Of course, one can sell self-created materials to a private buyer or an institution and avoid many of these tax deduction issues.

About the author

Stuart Lutz is a Certified Member of the Appraisers Association of America (AAA), qualified in the field of Books and Manuscripts: Historic Documents.  He is USPAP (Uniform Standards of Professional Appraisal Practice) compliant and has taught appraisal classes at the AAA.  He has been in the historic document and manuscript field for over a quarter-century.  He is the author of The Last Leaf: Voices of History’s Last Known Survivors (Prometheus Books, 2010), which contains almost forty interviews with the final survivors or last eyewitnesses of historically important events. His contact information is available via his website at http://www.historydocs.com and a fuller version of this article can be found here.  The author notes that this article is not intended to be a substitute for professional tax advice.

[1] https://www.irs.gov/publications/p561/ar02.html

[2] http://www.appraisers.org/docs/default-source/discipline_pp/irs-requirements-for-appraisals-of-gifts-and-donations.pdf?sfvrsn=0

[3]http://www.taxhistory.org/thp/readings.nsf/cf7c9c870b600b9585256df80075b9dd/f8723e3606cd79ec85256ff6006f82c3?OpenDocument

[4] https://www.csmonitor.com/USA/Politics/Decoder/2011/0418/Tax-Day-2011-Why-do-presidents-release-tax-returns-Hint-I-am-not-a

[5] https://www.leagle.com/decision/199154297aetc4451512

[6] https://www.irs.gov/pub/irs-wd/0119005.pdf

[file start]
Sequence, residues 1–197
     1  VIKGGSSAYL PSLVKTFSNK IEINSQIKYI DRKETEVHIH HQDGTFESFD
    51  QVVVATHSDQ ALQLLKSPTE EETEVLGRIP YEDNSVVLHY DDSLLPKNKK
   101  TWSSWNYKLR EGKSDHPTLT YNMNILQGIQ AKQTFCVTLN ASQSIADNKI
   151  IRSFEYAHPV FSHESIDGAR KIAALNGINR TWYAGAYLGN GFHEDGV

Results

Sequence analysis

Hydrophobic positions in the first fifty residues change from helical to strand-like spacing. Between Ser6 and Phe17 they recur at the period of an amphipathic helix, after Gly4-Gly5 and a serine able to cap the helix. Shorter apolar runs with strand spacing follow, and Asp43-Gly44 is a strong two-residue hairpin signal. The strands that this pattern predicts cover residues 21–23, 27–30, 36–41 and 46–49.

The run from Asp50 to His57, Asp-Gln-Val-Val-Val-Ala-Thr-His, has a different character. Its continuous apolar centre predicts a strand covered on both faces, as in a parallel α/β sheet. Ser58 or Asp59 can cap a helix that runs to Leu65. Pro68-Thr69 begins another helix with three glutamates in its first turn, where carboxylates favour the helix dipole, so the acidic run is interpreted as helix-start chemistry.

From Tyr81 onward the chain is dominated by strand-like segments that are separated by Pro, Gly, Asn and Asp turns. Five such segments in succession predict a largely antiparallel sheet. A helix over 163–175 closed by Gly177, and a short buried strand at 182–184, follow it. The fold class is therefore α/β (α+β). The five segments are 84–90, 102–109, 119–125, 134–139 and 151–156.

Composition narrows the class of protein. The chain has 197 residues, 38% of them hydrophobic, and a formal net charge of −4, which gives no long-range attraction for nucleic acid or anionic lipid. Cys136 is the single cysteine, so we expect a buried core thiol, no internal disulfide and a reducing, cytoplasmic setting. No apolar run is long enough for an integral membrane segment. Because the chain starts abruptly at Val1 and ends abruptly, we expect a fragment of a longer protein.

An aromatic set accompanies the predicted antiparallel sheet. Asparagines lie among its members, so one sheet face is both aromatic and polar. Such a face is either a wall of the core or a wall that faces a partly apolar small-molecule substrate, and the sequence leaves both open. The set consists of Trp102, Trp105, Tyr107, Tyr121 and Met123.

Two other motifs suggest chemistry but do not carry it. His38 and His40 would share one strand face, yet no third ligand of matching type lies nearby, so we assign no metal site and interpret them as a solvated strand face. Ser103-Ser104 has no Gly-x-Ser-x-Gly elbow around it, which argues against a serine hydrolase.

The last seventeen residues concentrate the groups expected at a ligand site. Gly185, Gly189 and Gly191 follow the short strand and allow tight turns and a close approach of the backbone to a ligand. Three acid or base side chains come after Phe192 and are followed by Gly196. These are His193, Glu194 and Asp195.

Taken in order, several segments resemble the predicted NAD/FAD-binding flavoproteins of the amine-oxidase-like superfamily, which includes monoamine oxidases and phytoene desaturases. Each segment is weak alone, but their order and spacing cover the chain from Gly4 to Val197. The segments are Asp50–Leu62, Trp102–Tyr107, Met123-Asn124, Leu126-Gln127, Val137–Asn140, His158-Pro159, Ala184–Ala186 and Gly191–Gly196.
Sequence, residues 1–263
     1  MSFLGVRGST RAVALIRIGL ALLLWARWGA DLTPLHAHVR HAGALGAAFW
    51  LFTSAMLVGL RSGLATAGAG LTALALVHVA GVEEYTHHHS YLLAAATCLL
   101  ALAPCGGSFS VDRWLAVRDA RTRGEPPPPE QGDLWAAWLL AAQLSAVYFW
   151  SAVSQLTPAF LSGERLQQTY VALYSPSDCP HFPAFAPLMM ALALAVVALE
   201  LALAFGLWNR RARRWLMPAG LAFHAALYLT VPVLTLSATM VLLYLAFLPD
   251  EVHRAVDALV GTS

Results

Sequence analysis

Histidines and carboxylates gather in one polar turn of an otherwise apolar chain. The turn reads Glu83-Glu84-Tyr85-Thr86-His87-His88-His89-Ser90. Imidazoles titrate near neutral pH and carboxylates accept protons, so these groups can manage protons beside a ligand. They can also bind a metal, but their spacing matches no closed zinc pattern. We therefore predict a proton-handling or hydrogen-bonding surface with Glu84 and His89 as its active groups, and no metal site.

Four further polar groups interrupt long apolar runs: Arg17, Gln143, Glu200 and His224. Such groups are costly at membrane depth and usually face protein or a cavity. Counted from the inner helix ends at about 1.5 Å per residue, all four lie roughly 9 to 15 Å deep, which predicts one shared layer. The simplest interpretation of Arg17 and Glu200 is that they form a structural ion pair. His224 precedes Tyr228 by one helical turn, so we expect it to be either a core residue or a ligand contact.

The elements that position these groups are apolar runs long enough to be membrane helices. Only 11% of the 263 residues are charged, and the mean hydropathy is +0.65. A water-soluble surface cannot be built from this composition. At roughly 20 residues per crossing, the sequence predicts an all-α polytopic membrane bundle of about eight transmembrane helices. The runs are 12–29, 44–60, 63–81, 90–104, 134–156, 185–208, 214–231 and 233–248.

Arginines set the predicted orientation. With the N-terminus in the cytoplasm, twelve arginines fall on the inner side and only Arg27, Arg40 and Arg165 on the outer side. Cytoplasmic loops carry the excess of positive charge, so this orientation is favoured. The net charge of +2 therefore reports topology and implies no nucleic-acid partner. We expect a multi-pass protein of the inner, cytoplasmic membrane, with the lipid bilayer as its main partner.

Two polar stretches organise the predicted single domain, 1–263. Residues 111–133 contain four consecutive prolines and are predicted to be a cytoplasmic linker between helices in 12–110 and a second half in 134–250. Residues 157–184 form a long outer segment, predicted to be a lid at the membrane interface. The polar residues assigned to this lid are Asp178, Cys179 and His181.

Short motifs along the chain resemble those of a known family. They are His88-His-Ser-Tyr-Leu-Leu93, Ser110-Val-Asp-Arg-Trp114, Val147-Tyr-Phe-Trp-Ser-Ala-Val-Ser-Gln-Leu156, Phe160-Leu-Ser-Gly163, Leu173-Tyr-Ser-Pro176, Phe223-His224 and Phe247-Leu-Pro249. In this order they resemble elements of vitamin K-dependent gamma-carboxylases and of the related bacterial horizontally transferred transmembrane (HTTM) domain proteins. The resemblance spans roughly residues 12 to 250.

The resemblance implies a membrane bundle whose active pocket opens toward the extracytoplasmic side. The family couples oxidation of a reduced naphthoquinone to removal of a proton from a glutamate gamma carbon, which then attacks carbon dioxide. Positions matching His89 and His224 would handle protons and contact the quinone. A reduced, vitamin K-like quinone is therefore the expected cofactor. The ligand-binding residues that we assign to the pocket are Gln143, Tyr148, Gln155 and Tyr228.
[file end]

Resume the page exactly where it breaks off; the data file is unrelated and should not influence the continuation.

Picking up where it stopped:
[7] https://www.irs.gov/pub/irs-pdf/p526.pdf

[8] https://www.thebalance.com/how-the-stepped-up-basis-loophole-works-357485

[9] https://www.irs.gov/irb/2006-46_IRB

[10] https://www.irs.gov/individuals/art-appraisal-services

[11] https://www.nytimes.com/2017/04/23/arts/design/dont-blame-the-russians-tax-judge-tells-sothebys-expert.html

Now Accepting Nominations for SAA Acquisitions & Appraisal Section Steering Committee

Update: Deadline for nominations has been extended to May 28!

Dear colleagues,

The Acquisitions and Appraisal Section has openings for three positions on the steering committee:

  • Vice-Chair/Chair-Elect
  • Steering Committee At-Large Member (2 positions available)

In order to be nominated for these positions, candidates must be a member of the Society of American Archivists and a member of the Acquisitions and Appraisal Section at the time of nomination.

The duties of these positions are as follows:

Vice Chair/Chair-Elect (1 position):

  • The Vice Chair serves a one-year term (2018-2019), beginning at the conclusion of the SAA Annual Meeting. The Vice Chair assists with communication and outreach efforts, producing and overseeing communications. The Vice Chair takes minutes at Section meetings; acts as the chair in the absence of the Section Chair; organizes the program in conjunction with the steering committee for the annual Section meeting; and contributes occasionally to subcommittee work.